Runner using starting block to start his run on running track in a stadium. - Tifosi Sports

History’s fastest runner isn’t who you think it is

Few athletes are regarded as highly as the Jamaican sprinter, Usain Bolt. Bolt still holds the current men’s record in the 100-metre running event – he set the record at an event in Berlin in 2009, winning the race in a time of 9.58 seconds – and is often called the “fastest man in the world”. That doesn’t mean Bolt is the fastest runner history has ever seen, though.

In his book Manthropology: The Science of the Inadequate Modern Male, Australian anthropologist Peter McAllister claims that prehistoric man would easily beat his modern counterparts in almost any physical endeavours, and certainly in one of the basic Olympic athletic disciplines: running.

McAllister goes so far as saying modern man is “the worst man, period… As a class we are in fact the sorriest cohort of masculine homo sapiens to ever walk the planet”.

McAllister bases this claim on historical and archaeological evidence pointing to the physical superiority of our ancient ancestors.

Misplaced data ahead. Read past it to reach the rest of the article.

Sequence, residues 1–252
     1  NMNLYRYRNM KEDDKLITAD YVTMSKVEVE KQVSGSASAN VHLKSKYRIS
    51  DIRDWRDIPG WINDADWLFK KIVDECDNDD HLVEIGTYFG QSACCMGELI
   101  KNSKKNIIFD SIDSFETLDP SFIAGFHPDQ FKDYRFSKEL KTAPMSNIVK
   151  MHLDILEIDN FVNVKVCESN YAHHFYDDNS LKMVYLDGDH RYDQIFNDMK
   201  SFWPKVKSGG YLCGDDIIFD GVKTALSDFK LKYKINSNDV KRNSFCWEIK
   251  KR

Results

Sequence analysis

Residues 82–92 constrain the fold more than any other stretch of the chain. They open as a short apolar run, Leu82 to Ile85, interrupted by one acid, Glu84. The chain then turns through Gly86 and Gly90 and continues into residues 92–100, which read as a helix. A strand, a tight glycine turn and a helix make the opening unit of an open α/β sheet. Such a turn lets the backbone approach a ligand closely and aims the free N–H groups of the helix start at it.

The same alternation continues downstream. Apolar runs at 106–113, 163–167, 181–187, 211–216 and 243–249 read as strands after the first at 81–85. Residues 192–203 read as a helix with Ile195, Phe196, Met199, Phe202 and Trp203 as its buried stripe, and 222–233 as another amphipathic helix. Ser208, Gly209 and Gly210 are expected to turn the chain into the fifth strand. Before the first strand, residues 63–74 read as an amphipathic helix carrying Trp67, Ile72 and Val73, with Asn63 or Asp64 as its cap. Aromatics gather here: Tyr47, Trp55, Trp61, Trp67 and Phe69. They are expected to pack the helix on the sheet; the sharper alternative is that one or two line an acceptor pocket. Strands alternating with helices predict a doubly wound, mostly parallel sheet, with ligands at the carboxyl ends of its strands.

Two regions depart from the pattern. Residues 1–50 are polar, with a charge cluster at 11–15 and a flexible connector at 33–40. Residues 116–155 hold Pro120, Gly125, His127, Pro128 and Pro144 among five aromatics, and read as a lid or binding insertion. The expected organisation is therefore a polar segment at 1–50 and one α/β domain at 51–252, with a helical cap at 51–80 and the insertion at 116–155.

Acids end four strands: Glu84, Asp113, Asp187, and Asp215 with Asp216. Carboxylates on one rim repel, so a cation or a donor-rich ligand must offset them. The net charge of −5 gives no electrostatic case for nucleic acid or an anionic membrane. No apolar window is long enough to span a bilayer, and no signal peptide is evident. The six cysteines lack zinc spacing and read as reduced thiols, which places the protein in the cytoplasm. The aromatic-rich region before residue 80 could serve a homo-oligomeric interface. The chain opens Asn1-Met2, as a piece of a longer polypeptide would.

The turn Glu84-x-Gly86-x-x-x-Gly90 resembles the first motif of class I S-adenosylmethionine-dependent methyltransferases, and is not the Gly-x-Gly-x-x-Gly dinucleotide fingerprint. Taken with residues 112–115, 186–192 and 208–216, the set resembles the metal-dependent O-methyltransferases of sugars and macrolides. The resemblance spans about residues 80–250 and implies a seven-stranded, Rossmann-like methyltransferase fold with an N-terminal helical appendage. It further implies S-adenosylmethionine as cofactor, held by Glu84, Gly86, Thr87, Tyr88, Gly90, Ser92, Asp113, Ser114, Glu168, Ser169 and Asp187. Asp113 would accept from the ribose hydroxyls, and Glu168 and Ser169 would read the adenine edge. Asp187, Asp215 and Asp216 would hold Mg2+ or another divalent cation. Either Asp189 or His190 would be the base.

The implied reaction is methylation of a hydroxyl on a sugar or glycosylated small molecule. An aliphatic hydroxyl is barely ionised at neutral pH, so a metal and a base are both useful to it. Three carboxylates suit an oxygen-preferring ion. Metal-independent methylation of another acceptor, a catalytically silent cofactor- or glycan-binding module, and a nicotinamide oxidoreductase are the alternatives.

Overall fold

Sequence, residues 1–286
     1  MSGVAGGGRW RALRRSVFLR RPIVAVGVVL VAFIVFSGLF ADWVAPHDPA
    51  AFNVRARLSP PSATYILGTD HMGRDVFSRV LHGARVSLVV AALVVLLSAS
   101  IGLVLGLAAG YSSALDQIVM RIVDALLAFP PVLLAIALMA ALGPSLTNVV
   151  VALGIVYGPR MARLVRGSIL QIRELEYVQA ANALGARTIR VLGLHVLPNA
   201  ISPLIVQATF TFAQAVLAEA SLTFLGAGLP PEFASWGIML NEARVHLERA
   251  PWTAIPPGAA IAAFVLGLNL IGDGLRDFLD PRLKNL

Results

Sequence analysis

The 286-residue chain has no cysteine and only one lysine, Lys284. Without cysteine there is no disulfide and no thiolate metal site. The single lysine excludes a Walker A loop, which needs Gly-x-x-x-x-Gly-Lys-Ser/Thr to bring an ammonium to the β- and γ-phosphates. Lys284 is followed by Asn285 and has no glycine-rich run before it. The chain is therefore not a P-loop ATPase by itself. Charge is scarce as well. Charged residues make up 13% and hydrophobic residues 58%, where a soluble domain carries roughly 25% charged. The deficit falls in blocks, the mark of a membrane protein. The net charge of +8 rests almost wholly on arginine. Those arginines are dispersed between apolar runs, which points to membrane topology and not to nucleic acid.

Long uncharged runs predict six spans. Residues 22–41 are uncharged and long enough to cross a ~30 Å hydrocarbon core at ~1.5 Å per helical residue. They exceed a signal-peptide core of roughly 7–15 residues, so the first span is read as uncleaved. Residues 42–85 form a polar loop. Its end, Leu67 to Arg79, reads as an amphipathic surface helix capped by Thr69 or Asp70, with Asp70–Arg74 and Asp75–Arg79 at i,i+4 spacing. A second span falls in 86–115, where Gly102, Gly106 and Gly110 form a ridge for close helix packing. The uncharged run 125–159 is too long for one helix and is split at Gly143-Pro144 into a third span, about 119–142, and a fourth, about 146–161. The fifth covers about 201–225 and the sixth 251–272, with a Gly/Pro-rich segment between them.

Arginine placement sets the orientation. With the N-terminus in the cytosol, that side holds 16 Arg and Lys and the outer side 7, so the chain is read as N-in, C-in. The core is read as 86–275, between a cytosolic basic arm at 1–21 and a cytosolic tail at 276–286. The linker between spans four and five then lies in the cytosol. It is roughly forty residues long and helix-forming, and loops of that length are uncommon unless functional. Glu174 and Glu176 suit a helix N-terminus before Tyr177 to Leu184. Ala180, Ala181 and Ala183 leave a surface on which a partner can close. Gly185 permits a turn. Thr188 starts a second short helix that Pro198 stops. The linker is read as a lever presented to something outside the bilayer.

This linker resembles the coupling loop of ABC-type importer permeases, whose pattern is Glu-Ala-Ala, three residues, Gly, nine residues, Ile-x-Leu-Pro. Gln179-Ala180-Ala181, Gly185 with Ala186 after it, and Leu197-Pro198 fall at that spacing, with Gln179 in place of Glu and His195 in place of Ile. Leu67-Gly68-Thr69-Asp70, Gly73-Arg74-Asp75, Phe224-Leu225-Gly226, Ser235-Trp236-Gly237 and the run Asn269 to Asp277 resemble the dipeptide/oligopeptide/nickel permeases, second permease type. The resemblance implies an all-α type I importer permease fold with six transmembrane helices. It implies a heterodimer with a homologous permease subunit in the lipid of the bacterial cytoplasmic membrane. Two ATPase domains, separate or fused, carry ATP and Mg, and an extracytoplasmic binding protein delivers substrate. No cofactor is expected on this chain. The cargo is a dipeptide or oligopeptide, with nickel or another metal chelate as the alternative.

One of these instances is the case of fossilised footprints, believed to belong to Australian aboriginal people who lived roughly 20,000 years ago, found in a claypan lakebed in New South Wales, Australia.

One particular footprint, ascribed to a person only known as T8, is of particular interest to McAllister. Whilst Usain Bolt was able to reach a top speed of 42 km/h when breaking the world record in Beijing, T8 was able to achieve speeds of up to 37 km/h while chasing after – or running from – prey (or predators) on a soft and muddy lake edge. Studies base this estimate on the placement and depth of the depression of the footprints in the lakebed, and the distance between them.

McAllister believes that with the spiked shoes, rubberised tracks and modern training that characterise modern athletics, T8 and his contemporaries might even have been able to reach speeds of up to 45 km/h – faster than Bolt.

Says McAllister, “We can assume they are running close to their maximum if they are chasing an animal. But if they can do that speed of 37 km/h on very soft ground, I suspect there is a strong chance they would have outdone Usain Bolt if they had all the advantages he does.”

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